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In the Cabinet (Part Two)

In The Cabinet

A Jack Collier Short

By Brett N. Lashuay

 

Last week’s entry can be found here.

 
 

Day Two: Sam Hain, Magician

 

            The check annoyed me as it sat between us. It made things too easy, too simple. It was another appearance from the Deus ex Machina Brigade and I resented it. I had been looking forward to the destruction of my career and possibly even getting some jail time if I did things properly. With the money though, I could easily fight most of the attacks that could come my way.  It also meant that if I just wanted to walk away, I could without any problems.

 

            “So you see,” I explained to Debbie, “it’s all taken out of my hands now. I can’t decide for myself what happens next. I was looking forward to hitting rock bottom and starting over somewhere else. Now I won’t be able to.”

 

            “I’m sorry.” she said, still looking befuddled. “I’m just having trouble seeing how not being thrown out on the street is a bad thing.”

 

            “It’s okay,” I waved my left hand in a gesture of dismissal, “not for you to understand.”

 

            “I want to though.”

 

            “It’s just not that important,” I told her and signed the back of the check. “Go deposit it.”

 

            She picked up the check, looked at it, and then at me. I could tell that it wasn’t over yet and I never could order her out of my office. She put her hands on her generous hips and stared down at me.

 

            “Why?” she asked.

 

            “You promise not to laugh?” I requested.

 

            “Yeah.” she nodded.

 

            “This place is dying. I can feel it. Michigan is either dying or dead and we’ve got to either escape or die with it. If we’re strong, we can do it ourselves. If we’re weak, we require help. I would like to try and be strong, but I’ve got to hit bottom and claw my way out to prove it.”

 

            “You’re the strongest person I’ve ever known,” she looked like she had just been told that Zeus had to sleep with the nightlight on to keep the monsters away.

 

            “Maybe I’m not the strongest person I know,” I countered. “Maybe I’ve never felt good or strong enough. Maybe I want to prove it to myself.”

 

            “I think you’re paranoid and have no self esteem.”

 

            “That may be it too,” I agreed.

 

            “You want me to deposit it now?” she asked.

 

            “Yeah, they’ll need a while to process it. We might as well get it started now.”

 

            I turned around and looked at the clouds, dark and heavy as they were. They threatened something, but it was something that was far off. I heard the outer office door close and Debbie’s steps go down the hall. The rain wouldn’t come this afternoon; it might not even rain today. However, when the rain did come it was going to be a storm that might wash away the world. One day I sort of hoped a real rain would come and wash this entire area away into the lakes. Wash the whole thing away. Not just the scum of the cities, but the cities themselves. I leaned back in my chair, and decided to watch the October sky. I would dare it to rain, I would wait here until it rained or the clouds departed.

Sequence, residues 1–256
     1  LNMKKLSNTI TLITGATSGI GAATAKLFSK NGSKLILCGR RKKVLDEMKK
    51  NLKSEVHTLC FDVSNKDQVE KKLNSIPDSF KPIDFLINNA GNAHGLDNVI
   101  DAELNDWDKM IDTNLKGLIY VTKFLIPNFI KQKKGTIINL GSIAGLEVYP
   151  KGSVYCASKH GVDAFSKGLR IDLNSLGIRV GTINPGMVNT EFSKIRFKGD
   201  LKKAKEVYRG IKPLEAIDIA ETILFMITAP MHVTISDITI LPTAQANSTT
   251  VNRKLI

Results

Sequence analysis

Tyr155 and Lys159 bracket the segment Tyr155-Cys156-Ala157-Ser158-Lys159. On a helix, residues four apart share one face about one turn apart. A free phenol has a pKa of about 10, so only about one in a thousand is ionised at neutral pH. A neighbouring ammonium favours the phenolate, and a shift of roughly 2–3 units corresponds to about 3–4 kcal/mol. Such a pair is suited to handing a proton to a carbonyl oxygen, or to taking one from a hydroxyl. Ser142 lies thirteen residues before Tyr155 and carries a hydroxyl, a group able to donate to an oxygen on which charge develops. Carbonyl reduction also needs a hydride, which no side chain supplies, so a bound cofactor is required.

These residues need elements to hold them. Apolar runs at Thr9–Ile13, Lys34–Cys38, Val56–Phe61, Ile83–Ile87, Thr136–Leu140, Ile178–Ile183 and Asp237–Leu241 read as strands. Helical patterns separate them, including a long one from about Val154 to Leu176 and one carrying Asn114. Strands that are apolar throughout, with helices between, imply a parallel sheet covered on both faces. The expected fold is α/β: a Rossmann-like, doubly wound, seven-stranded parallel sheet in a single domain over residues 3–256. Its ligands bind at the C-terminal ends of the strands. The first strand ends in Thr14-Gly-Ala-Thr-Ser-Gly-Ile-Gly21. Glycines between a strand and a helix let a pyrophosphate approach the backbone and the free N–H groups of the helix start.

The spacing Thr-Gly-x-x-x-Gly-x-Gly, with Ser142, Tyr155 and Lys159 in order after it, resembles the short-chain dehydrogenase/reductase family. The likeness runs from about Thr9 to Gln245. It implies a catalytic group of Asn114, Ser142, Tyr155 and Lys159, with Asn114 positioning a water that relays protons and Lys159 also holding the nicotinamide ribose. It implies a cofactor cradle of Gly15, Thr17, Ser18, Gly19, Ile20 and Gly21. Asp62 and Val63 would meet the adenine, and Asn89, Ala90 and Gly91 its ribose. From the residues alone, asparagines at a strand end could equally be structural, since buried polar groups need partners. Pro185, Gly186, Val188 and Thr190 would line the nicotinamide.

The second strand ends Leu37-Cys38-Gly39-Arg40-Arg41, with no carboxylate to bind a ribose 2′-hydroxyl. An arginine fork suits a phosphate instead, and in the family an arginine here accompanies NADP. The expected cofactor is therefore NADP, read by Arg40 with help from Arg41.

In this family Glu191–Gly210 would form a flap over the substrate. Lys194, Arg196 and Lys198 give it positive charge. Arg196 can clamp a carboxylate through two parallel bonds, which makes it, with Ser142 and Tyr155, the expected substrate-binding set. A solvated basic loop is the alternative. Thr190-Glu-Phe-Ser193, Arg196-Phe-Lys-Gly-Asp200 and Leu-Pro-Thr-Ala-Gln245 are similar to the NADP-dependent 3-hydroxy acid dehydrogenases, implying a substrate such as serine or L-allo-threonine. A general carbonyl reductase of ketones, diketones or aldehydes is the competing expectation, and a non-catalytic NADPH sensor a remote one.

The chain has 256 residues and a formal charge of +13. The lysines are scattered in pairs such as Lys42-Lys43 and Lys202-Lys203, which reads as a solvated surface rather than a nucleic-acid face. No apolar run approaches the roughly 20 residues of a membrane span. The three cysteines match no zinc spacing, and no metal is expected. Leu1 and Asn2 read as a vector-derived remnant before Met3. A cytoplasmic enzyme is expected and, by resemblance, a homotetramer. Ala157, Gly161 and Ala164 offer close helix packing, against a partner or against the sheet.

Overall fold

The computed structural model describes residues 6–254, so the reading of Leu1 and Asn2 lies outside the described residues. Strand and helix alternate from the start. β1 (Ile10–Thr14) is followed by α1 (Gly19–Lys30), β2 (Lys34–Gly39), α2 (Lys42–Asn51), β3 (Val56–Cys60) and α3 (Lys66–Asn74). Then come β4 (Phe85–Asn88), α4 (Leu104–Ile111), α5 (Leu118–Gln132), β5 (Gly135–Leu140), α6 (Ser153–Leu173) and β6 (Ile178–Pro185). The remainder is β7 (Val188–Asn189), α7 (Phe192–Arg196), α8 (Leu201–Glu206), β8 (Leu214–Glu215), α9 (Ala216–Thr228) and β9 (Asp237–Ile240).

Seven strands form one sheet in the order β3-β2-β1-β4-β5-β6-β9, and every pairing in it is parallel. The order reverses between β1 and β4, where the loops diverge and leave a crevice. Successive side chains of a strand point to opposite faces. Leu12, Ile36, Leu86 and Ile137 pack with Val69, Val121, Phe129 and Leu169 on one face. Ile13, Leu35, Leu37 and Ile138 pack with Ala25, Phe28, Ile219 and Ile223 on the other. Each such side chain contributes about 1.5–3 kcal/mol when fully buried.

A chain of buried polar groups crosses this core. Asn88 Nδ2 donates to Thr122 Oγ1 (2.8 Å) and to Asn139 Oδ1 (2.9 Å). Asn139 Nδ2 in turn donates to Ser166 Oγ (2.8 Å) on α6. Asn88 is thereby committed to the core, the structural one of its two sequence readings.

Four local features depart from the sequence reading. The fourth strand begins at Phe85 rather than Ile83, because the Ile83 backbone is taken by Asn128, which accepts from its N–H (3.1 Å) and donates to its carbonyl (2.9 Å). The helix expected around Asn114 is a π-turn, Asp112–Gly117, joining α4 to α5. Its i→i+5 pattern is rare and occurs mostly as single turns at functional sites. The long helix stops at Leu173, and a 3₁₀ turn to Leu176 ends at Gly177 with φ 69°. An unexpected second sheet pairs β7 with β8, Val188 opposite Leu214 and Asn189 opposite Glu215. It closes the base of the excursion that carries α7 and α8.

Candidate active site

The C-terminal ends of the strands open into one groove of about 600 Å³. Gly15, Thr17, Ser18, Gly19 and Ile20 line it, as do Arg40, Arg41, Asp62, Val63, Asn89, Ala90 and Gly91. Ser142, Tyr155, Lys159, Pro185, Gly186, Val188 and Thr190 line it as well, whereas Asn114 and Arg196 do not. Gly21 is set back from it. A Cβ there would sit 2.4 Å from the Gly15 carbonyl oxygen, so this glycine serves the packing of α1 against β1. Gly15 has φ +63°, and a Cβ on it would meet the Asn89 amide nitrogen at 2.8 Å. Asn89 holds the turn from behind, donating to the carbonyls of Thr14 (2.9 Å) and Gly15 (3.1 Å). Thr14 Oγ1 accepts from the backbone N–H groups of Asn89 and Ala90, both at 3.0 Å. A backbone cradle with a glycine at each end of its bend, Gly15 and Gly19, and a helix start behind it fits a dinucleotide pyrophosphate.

That had at least been my plan, Unfortunately, it was interrupted by a knock at my office door. The knock didn’t come at the front office door, but at the inner door which separated my office from the waiting room where Debbie did her madness-induced typing. I sat up in my chair and looked over my shoulder at the door. The knock came again and I got up from my chair and walked to the door. I had a sort of feeling that I would hesitate to call a premonition at any other time of the year. This was the season for that sort of thing though. We were reaching the part of the year when the boundaries between the worlds were supposed to be at their thinnest if my ancestors were to be believed.

 

            With all that understood I decided that my premonition was not only allowed, but to be believed. If I opened the door, instead of going to hide under my desk and pretend to be out, it would spell the end of my professional attachment with Troy. I could keep going on as I had been if I just pretended like I wasn’t here, but what fun would that have been? After all, if I never took jobs how would I destroy my car?

 

            I opened the door and looked at the young woman who was standing in the doorway, looking forlorn and lost. She was dressed like some sort of Goth/Punk Princess in a dark purple bodice, a skirt that was made up of ten layers of dark colored lace and black and purple stripped stockings. The black army boots were of course standard and I only mention them for the sake of completion. Her blue eyes, nearly obscured by the raven black hair, where fixed on mine from a frame of black, made up of running mascara and eye shadow.

 

            “Hi Becky.” I said as I opened the door for Rebecca Hain. “I thought you wanted to see me tomorrow.”

 

            “Daddy’s dead,” her voice barely managed.

 

            “Pardon?” For a moment I wasn’t sure I’d heard her correctly.

 

            I spent the nineties listening to jazz music at the volumes that most people were listening to Pearl Jam and Nirvana and have suffered the same hearing loss as the rest of my fellows. This is coupled with a slight problem I’ve always had where I often just can’t understand what people say at a certain register. As a result of these two problems, I sometimes miss what someone says and need them to repeat things. Unfortunately, this will often get me tagged as either not listening or stuck in shock.

 

            “He’s dead.” she repeated. “Daddy’s dead.”